The GABC Transcription Tool will create pdfs of a huge number of chants, according to the melody given in the Graduale Romanum and according to whatever Psalm-tone you like. It also does the lections.
All the basic chant books have been scanned and made available for free download by the Church Music Association of America. There are masses of things on two pages of their website: Music Downloads and Literature for Download. The main ones are listed below. No doubt there will be more as time goes on. They are all pdf files, many of them extremely large.
A number of these can be bought as hard-copy reprints from Lulu.com (see below).
In addition to the Offertoriale edited by Ott, which is available as a dowloadable pdf (see the list above) and as a reprint from Lulu (see below), there is an on-going project to put online newly edited versions of these verses on a German website, Gregor & Taube, alongside a complete Sunday Graduale for the Ordinary Form of the Roman Rite, edited from early manuscripts.
Windsor Latin Mass (from Missouri, USA) is in the process of putting up the written chants necessary for priests: Collect, Epistle, Gospel, Postcommunion, in the different versions (festal and solemn, 'antiquus' and 'ad libitum'). These are beautifully clear sheets with the entire text set to the square notes. An on-going project.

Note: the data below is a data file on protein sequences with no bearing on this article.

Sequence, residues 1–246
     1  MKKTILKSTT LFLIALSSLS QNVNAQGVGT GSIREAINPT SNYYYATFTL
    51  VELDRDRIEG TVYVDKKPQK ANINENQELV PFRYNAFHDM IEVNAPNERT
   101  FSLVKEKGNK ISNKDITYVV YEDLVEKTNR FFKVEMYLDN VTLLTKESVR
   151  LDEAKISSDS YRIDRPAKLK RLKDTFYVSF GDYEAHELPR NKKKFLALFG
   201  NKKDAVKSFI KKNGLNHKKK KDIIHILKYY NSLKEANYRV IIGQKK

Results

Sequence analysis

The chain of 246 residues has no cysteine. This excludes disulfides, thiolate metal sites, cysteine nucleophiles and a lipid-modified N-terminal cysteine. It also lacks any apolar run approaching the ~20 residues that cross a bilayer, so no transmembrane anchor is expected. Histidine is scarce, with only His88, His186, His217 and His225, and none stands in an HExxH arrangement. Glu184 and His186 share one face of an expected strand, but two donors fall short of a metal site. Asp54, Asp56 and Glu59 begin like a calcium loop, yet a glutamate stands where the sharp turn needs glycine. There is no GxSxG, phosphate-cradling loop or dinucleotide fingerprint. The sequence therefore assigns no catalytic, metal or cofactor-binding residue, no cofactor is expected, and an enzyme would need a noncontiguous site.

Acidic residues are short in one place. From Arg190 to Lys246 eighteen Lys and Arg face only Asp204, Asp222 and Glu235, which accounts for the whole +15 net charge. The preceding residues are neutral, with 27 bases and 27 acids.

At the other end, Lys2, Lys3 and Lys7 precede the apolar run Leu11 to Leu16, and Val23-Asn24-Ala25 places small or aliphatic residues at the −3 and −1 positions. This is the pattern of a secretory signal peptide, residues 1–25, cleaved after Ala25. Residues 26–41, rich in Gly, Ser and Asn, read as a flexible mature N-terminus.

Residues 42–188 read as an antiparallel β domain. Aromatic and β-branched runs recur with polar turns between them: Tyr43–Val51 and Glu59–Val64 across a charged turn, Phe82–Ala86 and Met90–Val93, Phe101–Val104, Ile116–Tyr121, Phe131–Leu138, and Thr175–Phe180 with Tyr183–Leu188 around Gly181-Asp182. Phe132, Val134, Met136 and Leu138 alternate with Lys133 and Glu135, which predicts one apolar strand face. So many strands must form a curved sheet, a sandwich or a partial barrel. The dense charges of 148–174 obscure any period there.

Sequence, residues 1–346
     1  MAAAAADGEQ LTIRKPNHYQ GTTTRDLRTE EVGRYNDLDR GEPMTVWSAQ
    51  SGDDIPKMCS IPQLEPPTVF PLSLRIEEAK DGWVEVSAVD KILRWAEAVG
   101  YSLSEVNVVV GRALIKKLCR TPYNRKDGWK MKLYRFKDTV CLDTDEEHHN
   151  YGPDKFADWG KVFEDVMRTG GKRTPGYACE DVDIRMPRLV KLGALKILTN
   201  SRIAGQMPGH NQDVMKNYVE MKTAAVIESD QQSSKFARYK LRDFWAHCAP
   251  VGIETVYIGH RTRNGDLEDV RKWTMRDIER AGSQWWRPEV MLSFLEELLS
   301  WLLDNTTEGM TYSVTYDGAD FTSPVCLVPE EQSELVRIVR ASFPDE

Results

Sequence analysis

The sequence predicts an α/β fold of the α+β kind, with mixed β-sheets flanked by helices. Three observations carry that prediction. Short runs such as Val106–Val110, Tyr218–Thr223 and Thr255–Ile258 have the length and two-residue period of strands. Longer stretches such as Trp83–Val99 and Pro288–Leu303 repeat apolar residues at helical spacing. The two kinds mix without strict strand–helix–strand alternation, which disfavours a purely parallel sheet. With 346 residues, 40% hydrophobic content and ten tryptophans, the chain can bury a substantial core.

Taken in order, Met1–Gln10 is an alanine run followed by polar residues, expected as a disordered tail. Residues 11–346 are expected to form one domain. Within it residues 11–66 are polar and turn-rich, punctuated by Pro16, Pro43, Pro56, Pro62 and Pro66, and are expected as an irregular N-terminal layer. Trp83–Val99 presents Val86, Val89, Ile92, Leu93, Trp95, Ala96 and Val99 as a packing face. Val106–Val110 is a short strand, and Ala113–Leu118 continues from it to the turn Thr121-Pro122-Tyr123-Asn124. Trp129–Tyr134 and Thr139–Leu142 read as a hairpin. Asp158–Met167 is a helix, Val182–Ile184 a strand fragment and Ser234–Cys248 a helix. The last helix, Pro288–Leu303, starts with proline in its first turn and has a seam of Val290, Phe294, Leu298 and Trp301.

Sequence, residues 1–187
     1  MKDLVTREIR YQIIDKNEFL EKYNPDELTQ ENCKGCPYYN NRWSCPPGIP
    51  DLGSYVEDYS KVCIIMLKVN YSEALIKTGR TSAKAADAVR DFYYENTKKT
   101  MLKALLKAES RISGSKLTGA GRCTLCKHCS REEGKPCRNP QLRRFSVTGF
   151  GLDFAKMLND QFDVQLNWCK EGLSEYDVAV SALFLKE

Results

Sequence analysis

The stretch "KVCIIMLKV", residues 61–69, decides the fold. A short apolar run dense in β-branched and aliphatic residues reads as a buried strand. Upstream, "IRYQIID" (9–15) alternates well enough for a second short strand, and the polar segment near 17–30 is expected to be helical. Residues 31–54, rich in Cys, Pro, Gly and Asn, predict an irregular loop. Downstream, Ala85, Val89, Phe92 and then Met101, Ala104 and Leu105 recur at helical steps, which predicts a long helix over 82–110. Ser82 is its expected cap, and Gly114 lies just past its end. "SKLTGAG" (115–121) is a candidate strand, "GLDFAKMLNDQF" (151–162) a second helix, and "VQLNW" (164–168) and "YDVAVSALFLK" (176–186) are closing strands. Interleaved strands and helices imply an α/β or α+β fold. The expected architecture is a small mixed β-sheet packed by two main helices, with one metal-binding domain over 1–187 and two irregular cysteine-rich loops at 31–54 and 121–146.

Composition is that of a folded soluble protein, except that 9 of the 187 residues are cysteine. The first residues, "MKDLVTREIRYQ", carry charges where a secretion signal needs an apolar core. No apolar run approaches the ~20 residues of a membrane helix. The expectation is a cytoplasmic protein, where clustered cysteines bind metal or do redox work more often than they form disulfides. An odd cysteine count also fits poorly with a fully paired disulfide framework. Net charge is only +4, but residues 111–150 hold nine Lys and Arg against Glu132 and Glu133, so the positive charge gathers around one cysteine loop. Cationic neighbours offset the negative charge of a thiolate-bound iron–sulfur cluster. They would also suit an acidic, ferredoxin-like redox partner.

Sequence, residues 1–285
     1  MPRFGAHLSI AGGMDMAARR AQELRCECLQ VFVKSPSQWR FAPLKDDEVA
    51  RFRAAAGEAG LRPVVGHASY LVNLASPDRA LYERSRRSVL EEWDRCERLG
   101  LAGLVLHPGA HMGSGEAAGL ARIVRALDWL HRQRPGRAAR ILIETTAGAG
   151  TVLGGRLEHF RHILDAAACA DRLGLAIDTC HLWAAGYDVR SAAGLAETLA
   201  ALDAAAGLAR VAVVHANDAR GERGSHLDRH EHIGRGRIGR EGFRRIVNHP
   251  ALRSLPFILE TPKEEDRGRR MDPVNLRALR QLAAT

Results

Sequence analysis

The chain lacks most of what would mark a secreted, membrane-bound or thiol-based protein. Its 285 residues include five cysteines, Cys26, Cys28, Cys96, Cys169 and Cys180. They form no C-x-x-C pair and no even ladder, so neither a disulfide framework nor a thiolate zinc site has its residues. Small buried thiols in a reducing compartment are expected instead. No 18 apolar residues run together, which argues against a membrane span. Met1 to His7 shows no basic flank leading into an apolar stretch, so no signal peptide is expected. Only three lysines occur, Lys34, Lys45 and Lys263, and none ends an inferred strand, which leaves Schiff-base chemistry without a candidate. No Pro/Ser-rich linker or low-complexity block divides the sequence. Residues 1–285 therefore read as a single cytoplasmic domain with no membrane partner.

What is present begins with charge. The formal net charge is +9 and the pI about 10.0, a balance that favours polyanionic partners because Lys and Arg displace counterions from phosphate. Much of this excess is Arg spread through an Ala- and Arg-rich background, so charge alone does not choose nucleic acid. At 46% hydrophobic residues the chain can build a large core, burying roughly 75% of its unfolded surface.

You can now buy a book of these, suitable for use in the liturgy, for all the Sundays of the year: the Canticum Clericorum Romanum. See a review here.
Also available for download is the 1974 edition of the booklet Jubilate Deo, which Pope Paul VI intended as a minimum chant repertoire for parishes. It is available here in various formats.
There are a lot of interesting historical editions of chant books which have been scanned and can be downloaded for free, provided by Corpus Christi Watershed (there is an overlap with the CMAA list above).
The Global Chant Database is 'a searchable database of plainchant melodies and texts included in medieval sources and new editions.'
The Latin Mass Society now has a set of chants for the feasts proper to England and Wales, which are otherwise difficult to find. They also have other resources for chant scholas which are worth looking at.
A splendid online resource for medieval chant is The Sarum Rite, an ongoing project masterminded by Prof. William Renwick: 'The Sarum Rite is a multi-volume performing and scholarly edition of all the surviving liturgy and music of the Sarum Rite, published on-line by the Gregorian Institute of Canada.'
UK sources for newly printed chant books include St Michael's Abbey (Farnbrough) and Cenacle Catholic Books; St Philip's Books of Oxford has some new books, and is a good source for second-hand chant books.
The CMAA's page on Lulu has a lot of useful things, including a reprint of the 1961 Graduale Romanum, which is particularly difficult to find (though some edition of the Graduale is essential if you want to sing ferial days in Lent, which do not appear in the Liber Usualis), in two volumes, hard or soft bound. Lulu is a 'print on demand' company: they don't carry stock, but will print any book given to them in pdf form if it is ordered. Although it is based in America, UK buyers seem to get books at high speed from a UK printer. There are steep discounts for larger quantities.
The Abbey of Solesmes sells a number of their own books directly.
Libreria Editrice Vaticana, the Vatican publishing house, has a growing range of historic reprints as well as books for the 1970 Missal.
The basic book for most Chant purposes is the Liber Usualis. This can be bought from a UK supplier for £79.50 from Cenacle Catholic Books.